British alpacas cheat the abattoir
At the time, 40 or so animals a year would arrive to be dispatched. But in recent years business has fizzled out, says Stephen Broomhall, an owner of the firm. One reason is that the animals don’t taste great. More important still is what Mr Broomhall calls the “petification” of alpacas—in other words, people find them too cute to kill.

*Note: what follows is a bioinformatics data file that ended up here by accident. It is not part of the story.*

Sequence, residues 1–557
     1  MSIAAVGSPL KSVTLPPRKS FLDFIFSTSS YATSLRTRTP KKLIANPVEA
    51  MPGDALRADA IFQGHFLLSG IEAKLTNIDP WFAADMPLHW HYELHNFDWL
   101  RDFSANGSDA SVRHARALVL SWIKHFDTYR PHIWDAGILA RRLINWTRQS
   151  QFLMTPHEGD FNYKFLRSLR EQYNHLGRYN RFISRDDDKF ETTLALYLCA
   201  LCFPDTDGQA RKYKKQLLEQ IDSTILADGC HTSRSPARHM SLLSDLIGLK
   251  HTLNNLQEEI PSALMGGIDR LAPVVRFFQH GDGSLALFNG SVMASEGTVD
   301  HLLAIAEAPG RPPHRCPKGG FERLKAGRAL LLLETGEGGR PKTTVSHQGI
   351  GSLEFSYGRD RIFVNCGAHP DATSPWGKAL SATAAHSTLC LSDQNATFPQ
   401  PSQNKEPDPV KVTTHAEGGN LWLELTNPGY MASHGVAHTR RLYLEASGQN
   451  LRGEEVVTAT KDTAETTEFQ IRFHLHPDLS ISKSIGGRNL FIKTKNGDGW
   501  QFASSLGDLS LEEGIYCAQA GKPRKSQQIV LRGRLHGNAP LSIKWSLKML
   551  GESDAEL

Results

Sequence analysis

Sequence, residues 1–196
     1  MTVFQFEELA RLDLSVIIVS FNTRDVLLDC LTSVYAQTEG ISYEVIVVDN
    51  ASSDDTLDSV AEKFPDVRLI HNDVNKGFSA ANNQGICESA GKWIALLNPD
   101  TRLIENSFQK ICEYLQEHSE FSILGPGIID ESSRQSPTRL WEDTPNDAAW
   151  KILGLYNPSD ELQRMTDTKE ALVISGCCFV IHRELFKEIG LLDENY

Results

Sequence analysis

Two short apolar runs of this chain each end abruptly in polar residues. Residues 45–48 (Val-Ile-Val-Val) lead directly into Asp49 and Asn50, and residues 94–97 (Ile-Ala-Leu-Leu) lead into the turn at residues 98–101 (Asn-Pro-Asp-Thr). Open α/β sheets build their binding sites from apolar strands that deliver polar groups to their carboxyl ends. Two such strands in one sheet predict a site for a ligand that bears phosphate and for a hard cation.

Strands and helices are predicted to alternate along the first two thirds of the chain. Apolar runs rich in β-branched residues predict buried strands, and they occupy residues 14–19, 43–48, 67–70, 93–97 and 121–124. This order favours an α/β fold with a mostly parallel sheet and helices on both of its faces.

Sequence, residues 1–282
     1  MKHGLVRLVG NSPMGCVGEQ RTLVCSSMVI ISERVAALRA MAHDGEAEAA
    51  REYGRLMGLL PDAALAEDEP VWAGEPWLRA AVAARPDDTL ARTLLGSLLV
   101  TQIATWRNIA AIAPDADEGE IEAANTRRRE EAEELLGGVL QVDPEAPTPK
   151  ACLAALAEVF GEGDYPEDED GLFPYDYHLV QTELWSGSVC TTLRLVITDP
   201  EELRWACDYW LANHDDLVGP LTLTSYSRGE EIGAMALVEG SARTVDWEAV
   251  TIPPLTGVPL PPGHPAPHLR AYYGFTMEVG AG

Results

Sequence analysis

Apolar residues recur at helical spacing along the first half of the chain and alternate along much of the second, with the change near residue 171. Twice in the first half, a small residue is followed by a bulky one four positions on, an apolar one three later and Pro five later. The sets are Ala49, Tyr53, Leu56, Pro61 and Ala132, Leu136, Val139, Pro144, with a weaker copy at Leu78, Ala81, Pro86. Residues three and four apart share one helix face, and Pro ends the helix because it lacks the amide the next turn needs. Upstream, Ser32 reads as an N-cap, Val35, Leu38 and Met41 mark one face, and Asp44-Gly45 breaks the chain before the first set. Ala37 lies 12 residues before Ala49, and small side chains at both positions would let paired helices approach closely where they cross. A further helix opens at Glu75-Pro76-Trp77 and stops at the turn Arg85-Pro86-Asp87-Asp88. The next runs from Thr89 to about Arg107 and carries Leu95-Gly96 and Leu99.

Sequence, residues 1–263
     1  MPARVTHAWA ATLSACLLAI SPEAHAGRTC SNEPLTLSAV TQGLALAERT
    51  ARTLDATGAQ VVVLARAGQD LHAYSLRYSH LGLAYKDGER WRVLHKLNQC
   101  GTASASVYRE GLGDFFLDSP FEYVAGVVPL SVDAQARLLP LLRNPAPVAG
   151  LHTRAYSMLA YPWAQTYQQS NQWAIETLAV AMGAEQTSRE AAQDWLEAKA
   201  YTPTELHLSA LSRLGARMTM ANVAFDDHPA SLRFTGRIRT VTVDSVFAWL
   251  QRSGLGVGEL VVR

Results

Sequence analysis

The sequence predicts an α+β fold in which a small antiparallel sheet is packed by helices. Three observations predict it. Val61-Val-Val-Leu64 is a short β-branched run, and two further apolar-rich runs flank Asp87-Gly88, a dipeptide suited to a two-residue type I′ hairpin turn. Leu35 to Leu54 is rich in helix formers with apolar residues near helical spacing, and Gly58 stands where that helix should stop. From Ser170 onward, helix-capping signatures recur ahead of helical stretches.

Alpacas are increasingly popular as pets, rather than future sausages. There are 40,974 registered with the British Alpaca Society, up from 25,080 ten years ago. Duncan Pullar, head of the society, sticks his neck out and estimates there are 40,000 more unregistered ones. The first animals arrived a couple of decades ago from Peru, where they are mainly farmed for their soft fleece. In Britain owners tend not to be experienced farmers; most have simply “got some fields and don’t like horses”, says Mr Pullar.